Charities - Public Safety and Anti-Terrorism

Privacy Impact Assessment (PIA) smmary - Review and Analysis Division

Introduction

This document summarizes the Charities – Public Safety and Anti-Terrorism privacy impact assessment (PIA) prepared by the Review and Analysis Division (RAD) of the Canada Revenue Agency (CRA). RAD is responsible for delivering the Agency's mandate under the Anti-Terrorism Act to prevent the abuse of registered charities for the financing of terrorism. This PIA highlights the key points that demonstrate how privacy considerations have been factored into the development and implementation of RAD. For a detailed description of the personal information relevant to this program please refer to the personal information bank number CRA PPU 200 in Info Source.

Description

To contribute to the fight against terrorism financing, and fulfill its international obligations and commitments, Canada put in place a comprehensive domestic regime in 2001, integrated with its existing anti-money laundering regime, to counter terrorism financing. The regime is specifically designed to detect and deter terrorism funding and is administered and enforced through a horizontal structure that unites nine federal departments and agencies including the Canada Revenue Agency – Charities Directorate in a coordinated effort. These departments and agencies in turn work in close cooperation with other governmental entities and the private sector.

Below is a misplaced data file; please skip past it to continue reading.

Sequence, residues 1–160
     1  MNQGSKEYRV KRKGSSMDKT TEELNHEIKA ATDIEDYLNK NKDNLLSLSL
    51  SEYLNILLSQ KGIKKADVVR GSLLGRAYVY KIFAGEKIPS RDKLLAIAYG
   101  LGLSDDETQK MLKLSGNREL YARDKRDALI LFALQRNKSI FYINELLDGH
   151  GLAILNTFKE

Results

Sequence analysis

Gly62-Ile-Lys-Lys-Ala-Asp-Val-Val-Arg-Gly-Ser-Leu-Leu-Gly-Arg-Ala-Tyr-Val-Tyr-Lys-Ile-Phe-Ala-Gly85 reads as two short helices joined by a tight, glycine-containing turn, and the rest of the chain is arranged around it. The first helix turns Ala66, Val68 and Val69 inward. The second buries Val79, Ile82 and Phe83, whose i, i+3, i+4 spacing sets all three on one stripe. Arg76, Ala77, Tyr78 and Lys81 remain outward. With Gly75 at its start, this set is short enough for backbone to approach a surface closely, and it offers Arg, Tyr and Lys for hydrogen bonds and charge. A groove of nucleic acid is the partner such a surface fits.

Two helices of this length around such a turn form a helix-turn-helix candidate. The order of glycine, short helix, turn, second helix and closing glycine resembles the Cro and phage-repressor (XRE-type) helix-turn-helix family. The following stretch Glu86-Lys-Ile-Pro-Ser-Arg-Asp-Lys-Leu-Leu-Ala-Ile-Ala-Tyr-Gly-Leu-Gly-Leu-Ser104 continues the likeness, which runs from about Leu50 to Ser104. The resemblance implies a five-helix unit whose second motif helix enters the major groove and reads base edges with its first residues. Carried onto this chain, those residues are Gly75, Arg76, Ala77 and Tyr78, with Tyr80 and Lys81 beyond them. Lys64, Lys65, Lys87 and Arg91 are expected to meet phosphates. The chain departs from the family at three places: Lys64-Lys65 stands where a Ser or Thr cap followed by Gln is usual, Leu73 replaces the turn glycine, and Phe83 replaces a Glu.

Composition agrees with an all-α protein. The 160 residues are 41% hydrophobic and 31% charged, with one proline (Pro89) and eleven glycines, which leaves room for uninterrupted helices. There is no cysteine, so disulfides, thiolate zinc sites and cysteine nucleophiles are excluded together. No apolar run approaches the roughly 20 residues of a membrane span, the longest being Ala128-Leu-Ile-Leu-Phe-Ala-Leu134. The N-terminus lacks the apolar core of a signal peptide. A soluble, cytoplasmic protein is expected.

As part of the suite of legislation enacted in 2001 under the rubric of the Anti-terrorism Act, that facilitates the anti-terrorism regime, the Parliament of Canada enacted the Charities Registration (Security Information) Act, An Act respecting the registration of charities having regard to security and criminal intelligence information, (CRSIA). The law deals with the rare situation where classified intelligence information about terrorist activities is needed to exclude an organization from registration as a charity. In most situations, open-source information and normal procedures should be sufficient to establish if an organization does not meet the requirements for registration. The purpose of this legislation is three-fold: